It was at last decided by General Bragg not to attempt to manoeuvre Rosecrans out of Chattanooga, but to detach Longstreet and send him up to try to capture Burnside, who was at Knoxville with a force of about 12,000 effective men. On the night of November 4th we withdrew from Lookout Mountain, and the next day marched to Tyner's Station, whence, with Longstreet's two divisions of infantry, Hood's (under Jenkins) and McLaws's, about 10,000 infantry,1 we were to be taken by rail as far as Sweetwater. The infantry were sent in advance, and the railroad was so taxed to do this that we were detained at Tyner's until the 10th, and meanwhile nearly starved, as rations had been provided for only half that time.

At length, about noon on the 10th, a train of fiat cars came for us and the guns and men were loaded, the horses being sent afoot. It was a cold and windy night, and we suffered a great deal on the open cars. There was a very insufficient water and wood supply on the road, and the troops had to bail water and chop up fence rails for the engine. The journey of only sixty miles occupied the whole afternoon and night. On the 13th we moved from Sweetwater with the infantry and a pontoon-train, and our artillery was reenforced by Leyden's battalion of 12 guns, giving us in all 35. Owing to the scarcity of horses we were compelled to use oxen to haul the caissons.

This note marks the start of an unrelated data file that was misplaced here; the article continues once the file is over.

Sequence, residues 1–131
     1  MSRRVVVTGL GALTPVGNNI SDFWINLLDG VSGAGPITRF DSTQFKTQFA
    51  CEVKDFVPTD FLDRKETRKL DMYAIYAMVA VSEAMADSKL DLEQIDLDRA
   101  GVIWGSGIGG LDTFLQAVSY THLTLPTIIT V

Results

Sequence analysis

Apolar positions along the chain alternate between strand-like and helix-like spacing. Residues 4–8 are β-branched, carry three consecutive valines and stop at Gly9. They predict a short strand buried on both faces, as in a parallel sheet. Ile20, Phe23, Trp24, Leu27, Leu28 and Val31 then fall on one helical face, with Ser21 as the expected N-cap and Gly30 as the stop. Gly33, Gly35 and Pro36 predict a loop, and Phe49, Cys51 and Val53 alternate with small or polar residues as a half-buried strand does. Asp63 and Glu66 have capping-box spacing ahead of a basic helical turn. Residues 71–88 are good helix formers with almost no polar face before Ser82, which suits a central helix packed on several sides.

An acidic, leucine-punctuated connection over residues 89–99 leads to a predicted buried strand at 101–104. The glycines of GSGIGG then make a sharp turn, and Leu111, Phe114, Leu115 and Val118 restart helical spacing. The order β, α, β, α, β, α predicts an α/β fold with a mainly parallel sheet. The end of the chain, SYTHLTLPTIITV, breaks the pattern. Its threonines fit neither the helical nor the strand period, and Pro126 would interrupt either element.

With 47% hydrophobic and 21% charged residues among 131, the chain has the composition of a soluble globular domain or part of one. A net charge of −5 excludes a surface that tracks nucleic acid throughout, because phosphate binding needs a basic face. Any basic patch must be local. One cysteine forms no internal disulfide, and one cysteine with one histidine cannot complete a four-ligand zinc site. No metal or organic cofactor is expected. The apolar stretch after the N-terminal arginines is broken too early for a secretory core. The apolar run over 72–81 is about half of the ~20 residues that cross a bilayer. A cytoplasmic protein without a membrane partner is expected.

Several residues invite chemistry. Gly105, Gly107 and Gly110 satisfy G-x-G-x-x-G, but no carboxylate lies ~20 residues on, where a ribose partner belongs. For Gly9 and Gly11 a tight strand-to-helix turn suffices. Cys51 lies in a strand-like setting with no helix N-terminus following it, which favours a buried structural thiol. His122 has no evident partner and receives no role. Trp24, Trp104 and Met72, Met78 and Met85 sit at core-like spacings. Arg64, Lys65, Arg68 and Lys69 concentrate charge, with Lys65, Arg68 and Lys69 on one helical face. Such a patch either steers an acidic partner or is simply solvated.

We encamped near Sweetwater for two days, while secret reconnoissances were made of the enemy's position across the Tennessee River at Loudon, and commissary, quartermaster, and ordnance trains were organized and equipped. On the 13th, Friday, we marched to Huff's Ferry, about two miles by land below Loudon, which point had been selected for our crossing. Everything was kept out of sight of the enemy, and soon after dark some pontoons were carried by hand to the river, a half mile below the ferry, and a party of infantry ferried over, to try to surround and capture the Federal picket which was posted on their side. This part of the programme, however, failed, from the vigilance of the Federal sentries. They all escaped, and probably carried the news to Burnside that we were crossing in force, for early next morning a strong reconnoissance was pushed onus by the enemy as the last of our troops were crossing the pontoon which had been constructed during the night. We drove it back, and organizing a strong advance-guard under Lieutenant-Colonel (afterward General) T. M. Logan, of Hampton's Legion, with Parker's battery of my battalion, we pushed forward vigorously in the effort to bring Burnside to bay and defeat him before he could get back and concentrate behind the fortifications about Knoxville. This he had set out to do as soon as he appreciated the situation, sending his trains ahead and covering them with his whole force. For three days there ensued a sort of running skirmish covering the whole distance to Knoxville, about thirty miles. It was not rapid progress, but the days were short, the roads axle-deep in mud, and a strong rear-guard of the enemy skirmished with us for every hill and wood and stream on the road. Twice — at Lenoir's the first afternoon, the 15th, and at Campbell's Station the next — we seemed to have brought him to bay, and behind our advance-guard our whole force was brought up and formed for attack. But the approach of night prevented an action on both occasions, [747]